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Mexico's Output Growth Slows, Outlook Worsens

Jesus Cañas and Benjamin Meier

April 5, 2019

Mexico’s economy grew an annualized 1.0 percent in fourth quarter 2018 after expanding a revised 2.4 percent in the third quarter. Growth in both quarters was revised down from earlier estimates. For the year as a whole, gross domestic product (GDP) grew 1.7 percent (fourth quarter/fourth quarter). The consensus growth forecast for 2019, compiled by Banco de México, declined to 1.6 percent in February from 1.8 percent in January.[1]

More recent data are mixed. The monthly economic activity index and retail sales grew, but exports fell and employment growth slowed. The peso held steady against the dollar while inflation fell.

Economic Activity Inches Up in January, Year-Over-Year Growth Weak

Mexico’s global economic activity index, the monthly proxy for GDP, rose 0.2 percent in January month over month after falling 0.4 percent in December. However, the measure’s three-month moving average remains flat (Chart 1). Service-related activities (including trade and transportation) grew 0.3 percent in January. Goods-producing industries (including manufacturing, construction and utilities) increased 0.6 percent, and agricultural output rose 0.3 percent.

Chart 1

Exports Tick Down in February but Expand Year to Date

Total exports fell 0.2 percent in February after growing 1.1 percent in January. Manufactured-goods exports ticked down 1.2 percent in February after increasing 1.7 percent in January. Three-month moving averages show improvement so far in 2019 (Chart 2). Through February, total exports this year were up 3.7 percent compared with the same period in 2018, with manufacturing exports growing 5.3 percent and oil exports falling 8.9 percent.

Chart 2

Industrial Production Grows in January

Mexico’s industrial production (IP) index, which includes manufacturing, construction, oil and gas extraction, and utilities, increased 0.6 percent in January after falling 0.5 percent in December. The manufacturing index grew 0.2 percent in January after declining 0.7 percent in December. The three-month moving average for manufacturing production shows some stabilization after decreasing since late 2018, while total production continues trending downward (Chart 3). Meanwhile, north of the border, U.S. IP ticked up 0.1 percent in February after a 0.1 percent decline in January. The correlation between Mexico’s IP and U.S. IP increased considerably due to growth in intra-industry trade following the implementation of the 1994 North American Free Trade Agreement.

Chart 3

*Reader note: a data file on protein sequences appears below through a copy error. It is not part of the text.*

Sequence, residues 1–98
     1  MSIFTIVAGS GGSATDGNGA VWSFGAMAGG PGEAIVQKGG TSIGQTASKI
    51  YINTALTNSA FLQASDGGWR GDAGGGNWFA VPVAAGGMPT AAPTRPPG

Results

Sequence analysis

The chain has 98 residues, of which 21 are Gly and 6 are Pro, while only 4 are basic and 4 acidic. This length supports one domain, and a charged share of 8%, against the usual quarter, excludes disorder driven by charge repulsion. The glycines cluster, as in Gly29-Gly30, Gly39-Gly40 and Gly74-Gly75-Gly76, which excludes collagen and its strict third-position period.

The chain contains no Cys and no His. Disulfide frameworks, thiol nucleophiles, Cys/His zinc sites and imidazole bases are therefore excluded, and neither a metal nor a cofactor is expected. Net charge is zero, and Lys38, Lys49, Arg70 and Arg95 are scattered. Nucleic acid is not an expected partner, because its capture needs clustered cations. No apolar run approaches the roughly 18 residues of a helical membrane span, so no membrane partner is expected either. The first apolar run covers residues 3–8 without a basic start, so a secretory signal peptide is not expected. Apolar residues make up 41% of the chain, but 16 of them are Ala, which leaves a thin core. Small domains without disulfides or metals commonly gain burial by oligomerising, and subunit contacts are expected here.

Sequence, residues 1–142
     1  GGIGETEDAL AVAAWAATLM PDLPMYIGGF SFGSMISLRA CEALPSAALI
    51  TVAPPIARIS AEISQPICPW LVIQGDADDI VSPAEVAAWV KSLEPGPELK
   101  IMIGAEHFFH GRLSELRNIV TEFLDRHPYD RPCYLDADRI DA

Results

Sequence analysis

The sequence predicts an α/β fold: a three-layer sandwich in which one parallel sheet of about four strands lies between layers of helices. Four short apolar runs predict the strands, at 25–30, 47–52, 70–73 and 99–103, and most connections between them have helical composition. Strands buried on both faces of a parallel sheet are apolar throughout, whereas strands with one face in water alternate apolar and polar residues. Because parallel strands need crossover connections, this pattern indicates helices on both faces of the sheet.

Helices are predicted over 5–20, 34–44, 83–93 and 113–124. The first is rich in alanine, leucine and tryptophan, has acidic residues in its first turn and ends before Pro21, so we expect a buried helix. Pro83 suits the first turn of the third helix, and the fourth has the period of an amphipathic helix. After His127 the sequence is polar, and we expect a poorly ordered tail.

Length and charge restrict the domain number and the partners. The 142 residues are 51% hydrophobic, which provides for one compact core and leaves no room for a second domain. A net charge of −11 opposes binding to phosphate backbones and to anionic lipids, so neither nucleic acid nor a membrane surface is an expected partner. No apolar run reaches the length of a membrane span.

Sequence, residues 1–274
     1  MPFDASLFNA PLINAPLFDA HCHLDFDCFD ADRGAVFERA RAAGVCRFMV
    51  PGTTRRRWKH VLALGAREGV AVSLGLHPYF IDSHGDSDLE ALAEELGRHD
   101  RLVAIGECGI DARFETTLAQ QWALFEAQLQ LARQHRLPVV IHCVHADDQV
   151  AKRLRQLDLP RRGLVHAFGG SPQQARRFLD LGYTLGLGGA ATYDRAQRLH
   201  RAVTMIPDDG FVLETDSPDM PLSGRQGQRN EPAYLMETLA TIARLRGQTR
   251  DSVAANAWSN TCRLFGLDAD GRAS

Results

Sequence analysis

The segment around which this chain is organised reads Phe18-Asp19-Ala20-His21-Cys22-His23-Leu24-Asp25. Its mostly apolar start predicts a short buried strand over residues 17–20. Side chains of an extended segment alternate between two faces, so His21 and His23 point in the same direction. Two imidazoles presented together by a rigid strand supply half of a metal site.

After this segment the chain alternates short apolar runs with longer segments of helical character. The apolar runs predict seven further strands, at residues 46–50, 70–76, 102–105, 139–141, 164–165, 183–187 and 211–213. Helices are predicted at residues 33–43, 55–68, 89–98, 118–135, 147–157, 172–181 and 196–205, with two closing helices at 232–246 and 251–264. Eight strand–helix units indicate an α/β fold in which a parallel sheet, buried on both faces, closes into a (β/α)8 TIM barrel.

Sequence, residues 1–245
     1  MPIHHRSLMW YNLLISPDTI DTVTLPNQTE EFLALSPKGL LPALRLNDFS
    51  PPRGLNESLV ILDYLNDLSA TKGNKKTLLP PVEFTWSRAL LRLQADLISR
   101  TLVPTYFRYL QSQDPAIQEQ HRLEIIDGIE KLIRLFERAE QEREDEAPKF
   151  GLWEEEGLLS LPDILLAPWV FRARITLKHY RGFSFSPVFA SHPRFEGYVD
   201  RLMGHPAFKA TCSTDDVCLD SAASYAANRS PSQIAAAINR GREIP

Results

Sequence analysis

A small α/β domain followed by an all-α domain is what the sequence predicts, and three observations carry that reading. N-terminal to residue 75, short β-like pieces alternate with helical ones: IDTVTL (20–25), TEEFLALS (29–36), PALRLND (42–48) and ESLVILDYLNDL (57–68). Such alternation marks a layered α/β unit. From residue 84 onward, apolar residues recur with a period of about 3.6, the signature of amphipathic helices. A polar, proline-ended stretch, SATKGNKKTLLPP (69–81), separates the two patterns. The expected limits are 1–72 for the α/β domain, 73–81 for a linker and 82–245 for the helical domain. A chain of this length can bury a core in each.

Retail Sales Rebound in January

Retail sales grew 1.9 percent in January after dropping 3.2 percent in December. The three-month moving average still shows a steep decline after plateauing in mid-2018 (Chart 4). Retail sales rose 2.4 percent in 2018 (year over year) after increasing 1.7 in 2017.

Chart 4

February Employment Growth Below Average

Formal sector employment—jobs with government benefits and pensions—grew an annualized 2.0 percent in February, still below the 10-year average of 3.6 percent monthly annualized growth (Chart 5). Total employment, representing 54 million workers and including informal sector jobs, grew 2.5 percent in fourth quarter 2018. The unemployment rate in January was 3.5 percent, slightly higher than the 2018 average of 3.3 percent.

Chart 5

Peso Holds Steady Against the Dollar in February

The Mexican currency averaged 19.2 pesos per dollar in January and February, a 4.9 percent gain from December’s average of 20.1 pesos per dollar (Chart 6). However, the peso-dollar exchange rate is 2.9 percent below year-ago levels. The Mexican currency has been under pressure due to increased uncertainty regarding U.S. trade policy and Mexico’s domestic policy.

Chart 6

Foreign-Owned Government Debt Stable

The share of peso‐denominated Mexican government debt held abroad was steady at 32.0 percent in February. The three-month moving average inched up in February to 31.8 percent but remains below the most recent peak of 36.0 percent registered in early 2017 (Chart 7). The extent of nonresident holdings of government debt is an indicator of Mexico’s exposure to international investors, whose holdings could quickly reverse if they perceive a change in market sentiment.

Chart 7

Inflation Continues to Fall

The consumer price index (CPI) increased 3.9 percent over the prior 12 months in February, down from 4.4 percent in January (Chart 8). Inflation is moving closer to Banco de México’s long-term target of 3.0 percent. CPI core inflation (excluding food and energy) rose 3.5 percent in February. Mexico’s central bank maintained its benchmark interest rate at 8.25 percent in March after raising it in both November and December.

Chart 8

Note

  1. Encuesta sobre las Expectativas de los Especialistas en Economía del Sector Privado: Febrero de 2019, http://www.banxico.org.mx/publicaciones-y-prensa/encuestas-sobre-las-expectativas-de-los-especialis/%7B2B2B5970-D994-E6D3-EB63-5CEF9C02992A%7D.pdf (communique on economic expectations, Banco de México, February 2019).
About the Authors

Cañas is a senior business economist, and Meier is a research assistant in the Research Department at the Federal Reserve Bank of Dallas.

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